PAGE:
The attacker from Westminster Bridge, Khalid Masood, responsible for the death of three civilians and a police officer, sent a WhatsApp message before conducting his attack. A British security official said this Sunday that they believed Masood used the instant messaging platform just minutes before running over dozens of pedestrians on Westminster Bridge and stabbing an officer before being shot down by police officials.
British Home Secretary Amber Rudd appeared on BBC and Sky News to ask Whatsapp – which is owned by Facebook – and other encrypted services to make their platforms available for police and intelligence agencies trying to discover leads on terrorist attacks.
“We need to make sure that organizations like WhatsApp -and there are plenty of others like that- don’t provide a secret place for terrorists to communicate with each other,” stated Rudd at her TV appearances.
WhatsApp may not comply with the police request
Rudd did not share details about the message; she just explained that the terrorist sent out a WhatsApp message and it cannot be accessed. However, her petition is not likely to be granted, as many technology companies have denied access to their customers’ devices, claiming First Amendment protection.
The issue resembles the FBI’s incident with Apple when the Federal Bureau of Investigation asked Apple for access to an iPhone that belonged to one of the San Bernardino shooters in California, back in 2015. In that incident, Apple denied the FBI’s request to unlock the phone, which FBI officials claimed Apple could only do that. After the tech company’s refusal to comply, the FBI found another way to hack into the phone.
Khalid Masood drove a rented gray Hyundai against several people that were walking on Westminster Bridge. He then went on to crash the car against the Parliament’s gates and stab MP police officer Keith Palmer before other MP police officers shot him in the premises. Other pedestrians were injured in the attack, and they were rushed to hospitals in London for treatment. The police performed a detailed reconstruction of the incident and found that the entire attack lasted 82 seconds.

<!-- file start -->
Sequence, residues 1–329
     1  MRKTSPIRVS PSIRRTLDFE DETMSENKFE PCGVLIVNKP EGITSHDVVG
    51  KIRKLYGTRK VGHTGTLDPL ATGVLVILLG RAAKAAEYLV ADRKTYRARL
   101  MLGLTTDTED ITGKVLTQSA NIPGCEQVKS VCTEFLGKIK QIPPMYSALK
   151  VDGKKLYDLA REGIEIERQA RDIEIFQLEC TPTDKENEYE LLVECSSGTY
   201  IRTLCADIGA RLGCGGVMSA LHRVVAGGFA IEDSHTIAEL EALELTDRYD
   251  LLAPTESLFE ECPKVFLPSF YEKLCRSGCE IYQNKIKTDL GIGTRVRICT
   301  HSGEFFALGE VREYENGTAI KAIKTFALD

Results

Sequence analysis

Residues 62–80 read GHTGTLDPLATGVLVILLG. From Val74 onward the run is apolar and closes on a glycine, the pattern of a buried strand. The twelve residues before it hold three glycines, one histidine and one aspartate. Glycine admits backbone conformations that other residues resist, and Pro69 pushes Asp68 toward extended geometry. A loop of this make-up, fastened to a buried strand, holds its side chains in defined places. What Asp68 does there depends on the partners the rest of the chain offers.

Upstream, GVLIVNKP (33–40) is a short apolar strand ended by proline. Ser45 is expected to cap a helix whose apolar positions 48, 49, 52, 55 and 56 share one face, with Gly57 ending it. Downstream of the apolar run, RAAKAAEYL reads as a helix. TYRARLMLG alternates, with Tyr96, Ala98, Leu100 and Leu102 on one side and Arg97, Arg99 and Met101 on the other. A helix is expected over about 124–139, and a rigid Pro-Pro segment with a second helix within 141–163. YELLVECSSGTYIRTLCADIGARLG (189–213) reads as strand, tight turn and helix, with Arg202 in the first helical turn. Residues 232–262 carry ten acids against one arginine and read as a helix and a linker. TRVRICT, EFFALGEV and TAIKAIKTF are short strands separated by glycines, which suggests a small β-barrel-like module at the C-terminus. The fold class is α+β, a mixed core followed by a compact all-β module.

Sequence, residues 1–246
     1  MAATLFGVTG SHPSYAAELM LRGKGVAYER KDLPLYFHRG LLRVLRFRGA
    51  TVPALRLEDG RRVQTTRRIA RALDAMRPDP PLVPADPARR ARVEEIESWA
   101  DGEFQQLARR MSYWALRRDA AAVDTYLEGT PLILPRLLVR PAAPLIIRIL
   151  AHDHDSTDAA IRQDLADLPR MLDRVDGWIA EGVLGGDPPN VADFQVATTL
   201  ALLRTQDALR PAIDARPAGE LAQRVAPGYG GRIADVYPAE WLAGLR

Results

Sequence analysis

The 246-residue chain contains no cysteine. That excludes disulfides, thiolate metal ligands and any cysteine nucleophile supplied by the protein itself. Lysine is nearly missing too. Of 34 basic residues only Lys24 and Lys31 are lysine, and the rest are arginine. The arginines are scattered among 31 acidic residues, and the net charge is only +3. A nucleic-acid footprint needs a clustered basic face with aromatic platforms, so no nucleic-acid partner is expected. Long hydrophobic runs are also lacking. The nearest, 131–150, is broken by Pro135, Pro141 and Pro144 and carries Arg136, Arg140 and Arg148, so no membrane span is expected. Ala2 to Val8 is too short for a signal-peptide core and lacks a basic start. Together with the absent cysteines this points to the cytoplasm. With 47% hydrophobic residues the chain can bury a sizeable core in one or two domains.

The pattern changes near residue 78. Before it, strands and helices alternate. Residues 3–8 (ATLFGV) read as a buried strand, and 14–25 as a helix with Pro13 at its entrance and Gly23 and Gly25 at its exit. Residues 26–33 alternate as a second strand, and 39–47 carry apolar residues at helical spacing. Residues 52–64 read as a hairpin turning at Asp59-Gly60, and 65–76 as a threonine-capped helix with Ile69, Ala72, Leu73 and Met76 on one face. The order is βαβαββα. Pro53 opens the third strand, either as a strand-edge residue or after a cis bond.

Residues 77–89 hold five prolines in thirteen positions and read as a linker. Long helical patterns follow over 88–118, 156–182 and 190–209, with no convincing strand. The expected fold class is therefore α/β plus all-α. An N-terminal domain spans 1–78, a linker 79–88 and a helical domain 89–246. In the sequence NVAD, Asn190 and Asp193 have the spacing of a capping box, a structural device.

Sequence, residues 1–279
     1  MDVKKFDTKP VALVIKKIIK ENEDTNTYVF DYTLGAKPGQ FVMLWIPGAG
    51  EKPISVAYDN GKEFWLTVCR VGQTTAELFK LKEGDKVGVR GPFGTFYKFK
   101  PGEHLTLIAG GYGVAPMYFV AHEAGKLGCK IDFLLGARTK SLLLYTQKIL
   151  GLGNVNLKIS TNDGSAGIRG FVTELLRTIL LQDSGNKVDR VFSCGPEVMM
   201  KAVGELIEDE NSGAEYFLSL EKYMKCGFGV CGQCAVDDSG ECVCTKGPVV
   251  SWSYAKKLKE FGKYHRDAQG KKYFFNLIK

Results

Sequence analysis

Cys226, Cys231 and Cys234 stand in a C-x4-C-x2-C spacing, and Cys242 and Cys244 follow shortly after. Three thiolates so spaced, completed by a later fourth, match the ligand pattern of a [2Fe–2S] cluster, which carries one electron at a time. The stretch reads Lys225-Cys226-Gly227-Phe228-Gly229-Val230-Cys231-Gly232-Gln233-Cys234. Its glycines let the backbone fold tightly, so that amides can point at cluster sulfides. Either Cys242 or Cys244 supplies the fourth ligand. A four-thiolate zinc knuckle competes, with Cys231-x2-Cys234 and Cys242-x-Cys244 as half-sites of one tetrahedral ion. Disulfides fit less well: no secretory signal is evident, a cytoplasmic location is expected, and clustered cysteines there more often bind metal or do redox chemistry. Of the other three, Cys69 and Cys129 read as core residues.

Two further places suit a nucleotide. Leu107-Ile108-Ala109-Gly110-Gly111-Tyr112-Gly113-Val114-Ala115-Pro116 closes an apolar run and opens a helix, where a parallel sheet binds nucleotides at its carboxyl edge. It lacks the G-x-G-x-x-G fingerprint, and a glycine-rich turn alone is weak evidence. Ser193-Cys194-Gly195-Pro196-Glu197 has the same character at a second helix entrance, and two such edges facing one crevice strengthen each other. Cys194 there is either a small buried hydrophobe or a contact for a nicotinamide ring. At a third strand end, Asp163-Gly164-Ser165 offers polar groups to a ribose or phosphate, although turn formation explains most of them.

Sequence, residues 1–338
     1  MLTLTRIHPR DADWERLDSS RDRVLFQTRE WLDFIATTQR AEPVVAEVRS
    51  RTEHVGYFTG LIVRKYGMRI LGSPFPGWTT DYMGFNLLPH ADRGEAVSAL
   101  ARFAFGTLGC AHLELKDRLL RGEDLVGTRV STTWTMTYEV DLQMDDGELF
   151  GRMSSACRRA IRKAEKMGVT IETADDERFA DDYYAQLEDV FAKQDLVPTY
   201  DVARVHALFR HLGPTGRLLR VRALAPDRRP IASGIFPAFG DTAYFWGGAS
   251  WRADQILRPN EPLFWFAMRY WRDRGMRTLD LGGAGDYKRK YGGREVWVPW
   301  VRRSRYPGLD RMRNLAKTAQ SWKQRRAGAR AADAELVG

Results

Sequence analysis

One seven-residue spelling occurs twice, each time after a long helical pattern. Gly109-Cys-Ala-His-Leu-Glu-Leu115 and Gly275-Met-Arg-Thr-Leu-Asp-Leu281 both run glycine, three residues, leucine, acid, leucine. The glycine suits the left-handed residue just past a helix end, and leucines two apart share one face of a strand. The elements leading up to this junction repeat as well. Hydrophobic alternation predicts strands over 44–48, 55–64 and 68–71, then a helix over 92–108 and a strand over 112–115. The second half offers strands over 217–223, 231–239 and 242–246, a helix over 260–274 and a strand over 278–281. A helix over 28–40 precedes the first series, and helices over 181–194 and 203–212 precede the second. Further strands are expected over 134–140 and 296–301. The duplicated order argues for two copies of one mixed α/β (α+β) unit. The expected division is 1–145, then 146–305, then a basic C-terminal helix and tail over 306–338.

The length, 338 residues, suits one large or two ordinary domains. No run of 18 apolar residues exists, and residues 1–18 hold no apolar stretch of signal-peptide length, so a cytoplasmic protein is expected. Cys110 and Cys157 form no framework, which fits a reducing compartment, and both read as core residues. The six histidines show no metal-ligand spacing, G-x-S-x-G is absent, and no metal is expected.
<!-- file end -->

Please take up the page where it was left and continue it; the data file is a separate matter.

Two men currently in custody could be linked to Westminster Bridge attack
Police are trying to figure Masood’s every move, and police have made two arrests in Birmingham, England, where the attacker lived. A 58-year old and a 30-year old man who could be linked to the attack are currently in custody for questioning, although neither has been charged with a crime. Their identities are not disclosed to the public yet.
As the police try to identify possible accomplices in the crime, they marked WhatsApp as the potential platform where Masood shared details regarding the attack or his state of mind.
Rudd explained that attacks like Masoud’s could be prevented if law enforcement and authorities were able to access encrypted services such as instant messaging and social networks. Obtaining access to warrants would, in Rudd’s opinion, be no different from warrants issued to listen to telephone calls or to read the content of open letters.
Rudd stated that without a change in the system, terrorists will be able to communicate without fear of being discovered or overheard, even in cases where a warrant has been obtained.
She also urged technology companies to do a better job when it comes to the publication of material on their platforms that promote extremism. Rudd will meet with several firms on Thursday to discuss setting up an industry board that would take actions to make the web less useful to radical extremists.
The British police in charge of investigating the Westminster Bridge and Parliament attack believe that Masood acted on his own, and have not discovered indications that further attacks were planned.
Masood’s motives may never be discovered
Metropolitan Policy Deputy Assistant Commissioner Neil Basu believes that Masood’s motives for the attack may never be fully discovered.
“That understanding may have died with him,” said Basu on Saturday in a press conference. “Even if he acted alone in the preparation, we need to establish with absolute clarity why he did these unspeakable acts, to bring reassurance to Londoners.”
Masood was a “soldier” according to the Islamic State group, as described to the organization. They said that Masood was carrying out the wishes of the Islamic State to attack Western countries.
Masood has been arrested for violent crimes in the United Kingdom, and he has spent time in prison. The British attacker worked in Saudi Arabia teaching English for two years and returned to the Islamic country in 2015 with a visa designed for religious uses. Nine other arrests were made this week following the attack, but they were all freed without charges.
Source: Yahoo! Tech